So…enough blogging. Pink Floyd and I need to get back to writing historical fiction. Until next week!

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* Props to Roger Waters for the lyrics from Time: Poetry at its finest.

The Forage War: Spanktown

On February 23rd, 1777 the British and Americans fought one of the largest battles of the Forage War at Spanktown, near modern-day Rahway, NJ.

Increasingly frustrated by American attacks on their foraging parties, the British command unleashed Lieutenant Colonel Charles Mahwood, the aggressive British commander who very nearly won the day at Princeton. With four British infantry regiments, plus a battalion each of light infantry and grenadiers, Mahwood was well-equipped to challenge any American Continental or Militia units that stood in his way.

Happening upon a small American foraging party covered by a brigade of New Jersey Continentals on a nearby hilltop, Mahwood deployed his troops for battle. He launched a grenadier company on a wide flanking movement, preparatory to a massed bayonet assault. The British moved confidently, prepared to overcome American resistance with cold steel. Then the Americans sprang the trap.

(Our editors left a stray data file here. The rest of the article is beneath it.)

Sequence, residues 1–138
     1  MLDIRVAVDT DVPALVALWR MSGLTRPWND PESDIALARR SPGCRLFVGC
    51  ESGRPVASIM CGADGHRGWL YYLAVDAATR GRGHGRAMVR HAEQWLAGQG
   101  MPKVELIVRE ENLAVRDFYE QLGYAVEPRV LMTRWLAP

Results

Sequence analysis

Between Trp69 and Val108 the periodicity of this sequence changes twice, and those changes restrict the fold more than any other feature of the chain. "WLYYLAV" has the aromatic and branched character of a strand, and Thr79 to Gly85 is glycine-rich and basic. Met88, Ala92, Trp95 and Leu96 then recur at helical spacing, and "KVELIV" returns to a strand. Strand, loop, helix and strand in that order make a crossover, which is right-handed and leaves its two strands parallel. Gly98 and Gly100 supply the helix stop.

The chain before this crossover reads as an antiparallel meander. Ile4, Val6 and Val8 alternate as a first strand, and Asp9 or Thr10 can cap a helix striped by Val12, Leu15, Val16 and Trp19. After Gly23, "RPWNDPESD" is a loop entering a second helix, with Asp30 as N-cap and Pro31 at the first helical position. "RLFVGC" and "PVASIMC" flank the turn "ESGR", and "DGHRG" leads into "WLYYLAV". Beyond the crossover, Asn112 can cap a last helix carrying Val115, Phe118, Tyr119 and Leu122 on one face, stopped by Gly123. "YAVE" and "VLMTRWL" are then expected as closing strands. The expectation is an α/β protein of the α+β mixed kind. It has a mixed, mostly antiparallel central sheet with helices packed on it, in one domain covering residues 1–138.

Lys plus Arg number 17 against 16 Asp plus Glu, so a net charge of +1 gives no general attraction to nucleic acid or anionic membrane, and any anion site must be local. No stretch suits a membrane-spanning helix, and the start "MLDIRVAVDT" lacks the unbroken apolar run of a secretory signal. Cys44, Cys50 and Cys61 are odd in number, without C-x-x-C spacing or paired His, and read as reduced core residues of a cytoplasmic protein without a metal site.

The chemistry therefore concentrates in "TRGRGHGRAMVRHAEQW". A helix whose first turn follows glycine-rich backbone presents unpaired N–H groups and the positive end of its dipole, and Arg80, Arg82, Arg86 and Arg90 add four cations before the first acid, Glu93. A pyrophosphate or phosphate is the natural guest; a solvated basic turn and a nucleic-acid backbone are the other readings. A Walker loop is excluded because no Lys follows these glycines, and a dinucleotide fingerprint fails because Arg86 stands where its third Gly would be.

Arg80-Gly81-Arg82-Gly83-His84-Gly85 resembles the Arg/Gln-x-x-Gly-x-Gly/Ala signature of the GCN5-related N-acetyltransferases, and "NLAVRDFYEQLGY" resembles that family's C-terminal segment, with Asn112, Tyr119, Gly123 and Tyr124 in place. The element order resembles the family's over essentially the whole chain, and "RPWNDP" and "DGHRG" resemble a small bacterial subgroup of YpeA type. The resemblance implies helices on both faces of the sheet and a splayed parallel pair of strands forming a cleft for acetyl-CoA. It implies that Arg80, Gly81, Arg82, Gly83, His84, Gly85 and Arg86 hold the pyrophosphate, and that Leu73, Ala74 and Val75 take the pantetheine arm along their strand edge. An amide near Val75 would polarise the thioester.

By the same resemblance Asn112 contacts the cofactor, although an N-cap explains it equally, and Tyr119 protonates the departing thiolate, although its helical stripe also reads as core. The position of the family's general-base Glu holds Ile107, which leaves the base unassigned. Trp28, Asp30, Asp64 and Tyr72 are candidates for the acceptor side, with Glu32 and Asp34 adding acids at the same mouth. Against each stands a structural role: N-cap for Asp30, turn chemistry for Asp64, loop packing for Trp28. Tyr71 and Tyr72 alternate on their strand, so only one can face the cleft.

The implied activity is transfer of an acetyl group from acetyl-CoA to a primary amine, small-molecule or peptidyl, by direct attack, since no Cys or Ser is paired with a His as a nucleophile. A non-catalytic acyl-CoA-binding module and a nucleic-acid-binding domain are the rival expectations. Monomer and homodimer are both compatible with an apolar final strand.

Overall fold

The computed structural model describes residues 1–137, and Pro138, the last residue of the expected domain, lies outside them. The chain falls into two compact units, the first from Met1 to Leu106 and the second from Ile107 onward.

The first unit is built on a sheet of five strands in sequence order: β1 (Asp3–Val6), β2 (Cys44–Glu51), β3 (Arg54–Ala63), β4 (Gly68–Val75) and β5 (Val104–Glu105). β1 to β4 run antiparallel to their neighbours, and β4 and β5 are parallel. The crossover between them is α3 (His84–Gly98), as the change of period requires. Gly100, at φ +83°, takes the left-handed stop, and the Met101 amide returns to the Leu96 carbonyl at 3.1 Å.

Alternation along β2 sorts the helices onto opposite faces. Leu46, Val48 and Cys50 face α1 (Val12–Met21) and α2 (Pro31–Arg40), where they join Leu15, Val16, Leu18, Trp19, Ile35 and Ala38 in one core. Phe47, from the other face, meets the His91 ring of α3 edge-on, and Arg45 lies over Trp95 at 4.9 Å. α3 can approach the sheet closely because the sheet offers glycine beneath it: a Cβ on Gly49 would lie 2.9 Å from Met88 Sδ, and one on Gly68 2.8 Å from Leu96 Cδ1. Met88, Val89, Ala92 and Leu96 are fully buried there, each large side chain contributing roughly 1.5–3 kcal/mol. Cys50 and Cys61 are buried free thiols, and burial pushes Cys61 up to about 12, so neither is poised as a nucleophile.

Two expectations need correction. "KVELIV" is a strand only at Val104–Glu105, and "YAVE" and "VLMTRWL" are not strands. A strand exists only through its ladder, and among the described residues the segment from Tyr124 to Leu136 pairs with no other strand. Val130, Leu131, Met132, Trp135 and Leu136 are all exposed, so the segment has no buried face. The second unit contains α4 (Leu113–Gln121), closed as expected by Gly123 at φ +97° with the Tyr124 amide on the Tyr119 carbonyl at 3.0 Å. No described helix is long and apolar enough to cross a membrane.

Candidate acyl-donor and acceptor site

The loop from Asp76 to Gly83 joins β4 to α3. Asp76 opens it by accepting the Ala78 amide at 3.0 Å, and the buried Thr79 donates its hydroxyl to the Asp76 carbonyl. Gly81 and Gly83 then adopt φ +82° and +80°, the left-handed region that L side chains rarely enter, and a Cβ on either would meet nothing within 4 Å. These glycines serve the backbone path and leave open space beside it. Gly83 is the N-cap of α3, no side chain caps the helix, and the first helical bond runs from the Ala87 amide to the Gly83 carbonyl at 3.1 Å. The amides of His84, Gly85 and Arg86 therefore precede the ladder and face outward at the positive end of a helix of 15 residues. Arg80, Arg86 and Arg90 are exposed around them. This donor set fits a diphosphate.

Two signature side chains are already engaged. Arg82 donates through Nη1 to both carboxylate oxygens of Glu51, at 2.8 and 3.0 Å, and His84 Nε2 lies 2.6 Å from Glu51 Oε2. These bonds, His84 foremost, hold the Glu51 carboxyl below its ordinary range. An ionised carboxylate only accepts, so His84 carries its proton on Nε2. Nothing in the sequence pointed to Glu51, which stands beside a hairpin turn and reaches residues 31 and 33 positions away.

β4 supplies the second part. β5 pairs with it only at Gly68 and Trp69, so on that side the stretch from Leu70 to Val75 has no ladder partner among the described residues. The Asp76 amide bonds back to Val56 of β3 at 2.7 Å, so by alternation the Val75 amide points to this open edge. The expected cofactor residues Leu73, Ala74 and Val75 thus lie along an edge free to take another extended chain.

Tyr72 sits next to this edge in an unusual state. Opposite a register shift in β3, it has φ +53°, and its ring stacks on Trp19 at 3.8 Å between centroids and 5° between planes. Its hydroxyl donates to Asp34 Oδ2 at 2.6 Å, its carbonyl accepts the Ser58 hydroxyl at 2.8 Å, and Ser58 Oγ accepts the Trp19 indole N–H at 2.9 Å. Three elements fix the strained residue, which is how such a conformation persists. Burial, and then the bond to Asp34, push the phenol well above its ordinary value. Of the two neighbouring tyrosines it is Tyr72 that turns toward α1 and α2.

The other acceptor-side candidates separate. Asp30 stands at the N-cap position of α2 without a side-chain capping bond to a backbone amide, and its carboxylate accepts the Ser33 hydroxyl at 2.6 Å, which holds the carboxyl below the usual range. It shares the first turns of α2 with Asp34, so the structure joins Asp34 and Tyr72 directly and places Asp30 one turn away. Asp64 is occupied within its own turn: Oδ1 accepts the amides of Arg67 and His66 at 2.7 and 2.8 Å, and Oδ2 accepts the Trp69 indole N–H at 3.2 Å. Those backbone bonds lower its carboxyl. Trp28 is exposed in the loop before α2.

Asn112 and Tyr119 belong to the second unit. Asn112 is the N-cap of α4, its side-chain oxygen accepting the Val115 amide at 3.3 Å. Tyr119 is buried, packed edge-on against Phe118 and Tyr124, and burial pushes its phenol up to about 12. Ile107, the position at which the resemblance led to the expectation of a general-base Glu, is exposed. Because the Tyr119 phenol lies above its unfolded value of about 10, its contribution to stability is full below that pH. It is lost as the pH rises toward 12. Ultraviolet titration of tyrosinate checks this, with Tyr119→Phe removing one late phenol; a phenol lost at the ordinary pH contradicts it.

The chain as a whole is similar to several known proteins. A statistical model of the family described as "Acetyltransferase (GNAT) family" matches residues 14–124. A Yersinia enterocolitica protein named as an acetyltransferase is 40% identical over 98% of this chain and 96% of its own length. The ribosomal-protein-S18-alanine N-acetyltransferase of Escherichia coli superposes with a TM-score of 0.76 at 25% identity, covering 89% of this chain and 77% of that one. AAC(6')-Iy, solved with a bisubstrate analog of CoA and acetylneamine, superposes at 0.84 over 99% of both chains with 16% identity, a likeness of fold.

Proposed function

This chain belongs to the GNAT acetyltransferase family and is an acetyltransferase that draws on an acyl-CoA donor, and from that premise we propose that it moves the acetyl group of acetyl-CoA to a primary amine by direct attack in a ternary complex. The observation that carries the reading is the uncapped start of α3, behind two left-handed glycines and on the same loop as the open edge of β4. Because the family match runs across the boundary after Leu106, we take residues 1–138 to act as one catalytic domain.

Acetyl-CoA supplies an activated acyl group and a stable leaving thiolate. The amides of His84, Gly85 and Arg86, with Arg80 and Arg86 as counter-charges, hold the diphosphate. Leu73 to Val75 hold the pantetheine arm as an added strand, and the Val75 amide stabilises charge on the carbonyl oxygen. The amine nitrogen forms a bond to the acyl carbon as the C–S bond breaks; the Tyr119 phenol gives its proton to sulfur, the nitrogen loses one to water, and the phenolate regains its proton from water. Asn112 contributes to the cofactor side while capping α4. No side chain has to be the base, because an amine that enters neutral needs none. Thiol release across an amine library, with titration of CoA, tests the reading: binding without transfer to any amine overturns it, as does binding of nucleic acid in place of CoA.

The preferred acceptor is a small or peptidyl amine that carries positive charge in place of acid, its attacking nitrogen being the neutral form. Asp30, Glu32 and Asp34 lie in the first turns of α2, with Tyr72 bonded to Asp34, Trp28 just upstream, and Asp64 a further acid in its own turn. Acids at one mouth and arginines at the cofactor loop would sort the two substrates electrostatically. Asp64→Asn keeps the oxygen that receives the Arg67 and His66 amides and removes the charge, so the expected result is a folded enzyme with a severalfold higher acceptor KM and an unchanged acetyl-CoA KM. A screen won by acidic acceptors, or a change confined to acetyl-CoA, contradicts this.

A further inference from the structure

spanktown

Possible deployments at Spanktown, from A Nest of Hornets

The New Jersey units were bait. Hiding in ambush was a Pennsylvania Brigade including Colonel Edward Hand’s 1st Pennsylvania (formerly called both Thompson’s Rifle Battalion and the First Continental Regiment). The grenadier company unwittingly marched across the front of the hidden Pennsylvanians, who sprang from concealment and fired a volley which annihilated the flanking force. Both the New Jersey and Pennsylvania brigades now maneuvered aggressively against Mahwood’s remaining troops who, outnumbered and outflanked, fell back. The light infantry and grenadier battalions fought a brief rearguard action as the infantry regiments withdrew. Lieutenant Colonel Mahwood must be credited with escaping with most of his force intact, but the retreat soon turned into a route.